COVID-19 Dispatch: University of Florida Health, Jacksonville
Low Vaccine Uptake Fuels Florida’s Pandemic Surge
At University of Florida Health in Jacksonville, the hope that the COVID-19 pandemic was winding down has given way to frustrated exhaustion as cases mount among the unvaccinated.
Bernadette Belgado, director of pharmacy, said the area is facing its third COVID-19 surge, with cases exceeding the previous peak from January. She said the health system’s leadership describes the local COVID-19 infection trajectory as “meteoric.”
“This is true of our hospital and many of the hospitals in the Jacksonville area. What we’re hearing is, we’re just seeing the start of it,” she said. “And our numbers are just continuing to rise.”
Earlier COVID-19 waves mostly filled hospital beds with elderly victims of SARS-CoV-2. But Belgado said this surge is affecting patients in their twenties, thirties, and forties.
“Patients are presenting sicker, and they’re presenting younger. And that is concerning,” she said. She confirmed that more than 90% of hospitalized COVID-19 patients are unvaccinated, and nearly all COVID-19 deaths in June and July were among the unvaccinated.
The Centers for Disease Control and Prevention (CDC) has described the ongoing surge as a pandemic of the unvaccinated. The surge is fueled by growing circulation of the highly infectious SARS-CoV-2 delta variant.
Belgado said the most upsetting aspect of this surge is that it was largely preventable, thanks to the widespread availability of effective vaccines. And the elation than many felt about vaccination curbing the pandemic has given way to the new reality of low vaccination rates and escalating cases.
“We really felt like we were turning the corner, and then it happened,” she said of the current surge. “It’s really sad. ... People are truly dying from this.”
Belgado said a mass vaccination clinic that the health system opened in December essentially closed its doors in June for lack of interest.
She said that although it’s frustrating to face this surge, hospital staff still cultivate and express empathy for the patients under their care.
“That’s one of the things that we do as healthcare providers,” she said. “Our pharmacists are completely dedicated to what they’re doing. ... We have a strong clinical effort within the hospital to make sure that we provide the best treatment for our patients.”
Belgado is involved in an initiative to vaccinate patients before they leave the hospital. That program uses the one-dose Johnson & Johnson–Janssen COVID-19 vaccine instead of the Pfizer–BioNTech or Moderna mRNA vaccines, which would require a return visit for second dose.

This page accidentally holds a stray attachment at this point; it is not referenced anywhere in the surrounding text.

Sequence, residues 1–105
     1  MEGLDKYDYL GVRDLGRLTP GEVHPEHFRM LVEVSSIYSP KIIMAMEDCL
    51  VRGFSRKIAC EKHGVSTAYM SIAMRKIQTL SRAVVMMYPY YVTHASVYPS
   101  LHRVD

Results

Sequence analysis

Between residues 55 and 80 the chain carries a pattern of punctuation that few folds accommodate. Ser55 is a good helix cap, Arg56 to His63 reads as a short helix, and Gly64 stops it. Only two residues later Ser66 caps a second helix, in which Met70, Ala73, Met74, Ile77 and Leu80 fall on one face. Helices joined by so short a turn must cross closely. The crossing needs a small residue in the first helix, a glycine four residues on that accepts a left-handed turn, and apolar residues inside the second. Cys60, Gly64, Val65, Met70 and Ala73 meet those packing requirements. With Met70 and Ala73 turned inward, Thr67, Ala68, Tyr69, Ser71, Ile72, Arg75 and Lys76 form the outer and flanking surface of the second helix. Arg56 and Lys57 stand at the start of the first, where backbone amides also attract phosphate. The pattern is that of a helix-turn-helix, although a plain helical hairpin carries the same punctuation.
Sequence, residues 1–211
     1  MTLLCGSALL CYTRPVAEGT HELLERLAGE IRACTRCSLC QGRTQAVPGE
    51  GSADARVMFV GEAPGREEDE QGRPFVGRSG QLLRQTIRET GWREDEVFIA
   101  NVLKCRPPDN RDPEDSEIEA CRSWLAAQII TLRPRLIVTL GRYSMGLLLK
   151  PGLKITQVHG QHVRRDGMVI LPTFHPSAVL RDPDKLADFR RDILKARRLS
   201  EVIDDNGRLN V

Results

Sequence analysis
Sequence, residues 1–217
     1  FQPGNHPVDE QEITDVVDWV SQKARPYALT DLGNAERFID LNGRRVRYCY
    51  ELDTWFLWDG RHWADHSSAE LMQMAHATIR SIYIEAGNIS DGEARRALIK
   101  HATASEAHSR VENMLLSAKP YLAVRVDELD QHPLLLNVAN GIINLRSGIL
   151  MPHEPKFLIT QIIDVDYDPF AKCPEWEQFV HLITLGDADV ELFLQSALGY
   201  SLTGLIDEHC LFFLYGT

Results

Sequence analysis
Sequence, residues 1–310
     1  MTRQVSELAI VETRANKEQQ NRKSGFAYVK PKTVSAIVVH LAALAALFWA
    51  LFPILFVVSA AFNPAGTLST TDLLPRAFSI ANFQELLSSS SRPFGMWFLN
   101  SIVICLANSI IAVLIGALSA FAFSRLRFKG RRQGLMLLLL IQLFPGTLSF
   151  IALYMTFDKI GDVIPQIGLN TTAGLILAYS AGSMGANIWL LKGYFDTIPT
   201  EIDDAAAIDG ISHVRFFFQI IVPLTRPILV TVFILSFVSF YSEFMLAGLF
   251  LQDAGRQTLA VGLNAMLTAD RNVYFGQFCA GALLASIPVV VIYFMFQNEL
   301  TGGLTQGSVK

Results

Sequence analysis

Although their hospital experience is fresh in the patients’ minds, some waver after agreeing to get vaccinated.
“There is some vaccine hesitancy, because folks will consent, and then we’ll get to the bedside and they’ll change their mind,” Belgado explained. Patients who agree to get vaccinated but express a strong preference for an mRNA vaccine are directed to local sites where those vaccines are available.
One of the pharmacy department’s biggest clinical challenges is the management of outpatient monoclonal antibody therapy for COVID-19. Belgado said demand for the therapy was strong when it first became available but had slowed to a trickle before the new surge.
“Now we don’t have enough appointments to accommodate everyone,” she said. Part of the problem, she said, is the number of infusion clinic staff who are under quarantine after exposure to the SARS-CoV-2 virus.
“It’s true in our nursing units as well,” Belgado said. “We’re running short on nurses and therapists and all of the other ancillary services. And ... it really puts a strain on the staff.”
Vaccinated and unvaccinated staff may be forced to quarantine after exposure. Belgado said the health system’s quarantine policy is based on guidance from CDC and the Occupational Safety and Health Administration.
Belgado said the new surge is prompting some staff members to overcome their reluctance to get vaccinated. The renewed demand prompted the employee health department to place its first order for COVID-19 vaccines in weeks.
“We’re excited about that,” Belgado said. She noted that up to 76% of the organization’s pharmacy team has been vaccinated, which is among the highest departmental rates in the health system.
“We have some holdouts, but we’re talking to them and hopefully when all is said and done, we’ll have 100% fully vaccinated,” she said.
Many people have fallen prey to misinformation about COVID-19 vaccines. Belgado said the health system has tried to counter that by holding town halls, producing educational videos, and going into the community to provide education and promote vaccination.
She also emphasized that COVID-19 vaccines are widely available locally in community centers, churches, pharmacies, and other locations — even on the beach. She attributed the lack of vaccine uptake to hesitancy in the community.
“I don’t think it’s because of lack of access,” she said.
She also said the pharmacy team is weary after coping with the pandemic for more than a year.
“We do our best to keep up morale,” she said, adding that celebrations are mostly low-key because of the pandemic. “We just had an ice cream day ... to let them know that we’re thinking about them, and we know that you’re working hard, and we thank you for all of the work that you’re doing.”
[This news story will appear in an upcoming issue of AJHP.]